The Muslim convert who beheaded a female colleague during a deadly rampage in Oklahoma on Thursday, September 25, was "screaming Islamic phrases" during the attack, eyewitnesses said Sunday - and details about events leading up to the massacre are even more troubling.
Alton Alexander Nolen, 30, had been trying to convert his co-workers at Vaughan Food processing plant in Moore, OK to Islam shortly before the rampage, officials stated.
He also stated that "women should be stoned for an offense," according to a classmate, who spoke to the local McCurtain Gazette.
Nolen was fired hours before the rampage, police said - then returned and "attacked the first person he could find."
He savagely beheaded Colleen Hufford, 54 - "screaming Islamic phrases" the entire time - and then attacked 43-year-old Traci Johnson. Johnson is suffering "numerous wounds" and is in stable condition in a nearby hospital, police said.
"He wasn't targeting anyone, wasn't going specifically after them," the police spokesman said. "It appears they were just in his way as he came in."
CEO and reserve deputy Mark Vaughan shot Nolen to stop the attack.
Nolen has a detailed criminal history, according to CNN - including having spent seven years in prison for possession of a controlled substance, escaping confinement and resisting an officer. He was released in March 2013.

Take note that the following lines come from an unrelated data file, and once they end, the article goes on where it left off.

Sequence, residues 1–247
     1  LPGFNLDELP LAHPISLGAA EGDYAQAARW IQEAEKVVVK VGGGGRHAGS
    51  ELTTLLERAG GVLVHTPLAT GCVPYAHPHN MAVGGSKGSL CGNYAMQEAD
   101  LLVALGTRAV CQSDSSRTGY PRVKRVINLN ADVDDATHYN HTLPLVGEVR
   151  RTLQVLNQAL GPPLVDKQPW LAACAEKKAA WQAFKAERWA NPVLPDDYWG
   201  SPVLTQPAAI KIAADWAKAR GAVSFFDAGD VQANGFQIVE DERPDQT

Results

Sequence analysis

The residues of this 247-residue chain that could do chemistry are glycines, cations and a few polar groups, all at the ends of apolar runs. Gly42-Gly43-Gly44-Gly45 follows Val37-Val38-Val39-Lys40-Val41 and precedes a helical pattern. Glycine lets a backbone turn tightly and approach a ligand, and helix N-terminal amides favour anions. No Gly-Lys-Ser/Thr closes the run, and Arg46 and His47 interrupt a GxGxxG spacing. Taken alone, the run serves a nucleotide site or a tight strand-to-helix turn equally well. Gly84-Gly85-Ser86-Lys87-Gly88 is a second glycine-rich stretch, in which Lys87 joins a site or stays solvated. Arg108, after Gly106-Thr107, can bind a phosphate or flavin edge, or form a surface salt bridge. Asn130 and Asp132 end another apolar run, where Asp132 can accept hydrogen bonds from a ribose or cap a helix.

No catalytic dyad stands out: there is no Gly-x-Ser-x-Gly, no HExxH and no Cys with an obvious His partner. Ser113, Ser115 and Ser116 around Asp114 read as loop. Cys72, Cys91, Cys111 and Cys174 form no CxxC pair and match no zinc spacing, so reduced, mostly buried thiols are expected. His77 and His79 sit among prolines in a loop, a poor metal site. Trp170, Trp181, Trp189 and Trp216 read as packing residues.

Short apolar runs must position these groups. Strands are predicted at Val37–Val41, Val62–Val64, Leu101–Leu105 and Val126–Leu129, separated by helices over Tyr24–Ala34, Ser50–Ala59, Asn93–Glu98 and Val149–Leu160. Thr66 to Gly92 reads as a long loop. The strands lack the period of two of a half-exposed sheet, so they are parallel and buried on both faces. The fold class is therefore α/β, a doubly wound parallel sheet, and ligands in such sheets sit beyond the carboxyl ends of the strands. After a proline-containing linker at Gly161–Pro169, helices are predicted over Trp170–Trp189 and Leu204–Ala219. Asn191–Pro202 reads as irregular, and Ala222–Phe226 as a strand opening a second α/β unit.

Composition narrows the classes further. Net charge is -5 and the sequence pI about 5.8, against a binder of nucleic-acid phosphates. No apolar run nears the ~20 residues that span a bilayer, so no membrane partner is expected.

Meanwhile, Nolen posted a series of disturbing Facebook posts in the days leading up to the attack, according to the Daily Mail, including celebrations of terrorism, remarks against non-Muslims, and promotions of radical Islam.
Under the name Jah'Keem Yisrael, he posted such graphic posts as a picture of Pope Francis alongside the caption "SHARIA IS COMING" and a photo of the Joker from the Batman series cursing the US and "wicked" Israel.
In one photo, he makes what appears to be the sign of the Islamic State (IS) terror group; another lauds eliminated Al Qaeda leader Osama Bin Laden.
Less virulent posts include photos of Nolen donning Islamic traditional dress and praying in a mosque.
US law enforcement officials have waffled over the term "terrorism" for the attacks, CNN notes, and have stated that they allegedly see no link between Islam and the attacks.
The FBI is currently investigating Nolen's background and his motives, according to Fox News.
Meanwhile, to defuse tensions, the Oklahoma Conference of Churches issued a statement on Saturday urging "all Oklahomans and people everywhere not to equate Mr. (Nolen's) actions with the beliefs and practices of the Islamic Community in Oklahoma."
The statement said that "The Islamic Community of Oklahoma has consistently condemned all violence -- most especially acts of violence ostensibly carried out in the name of Islam. Along with our Muslim brothers and sisters we affirm that true Islam is, in fact, a religion of peace and that those inflicting violence in the name of Islam are perverting Islam for their own ends."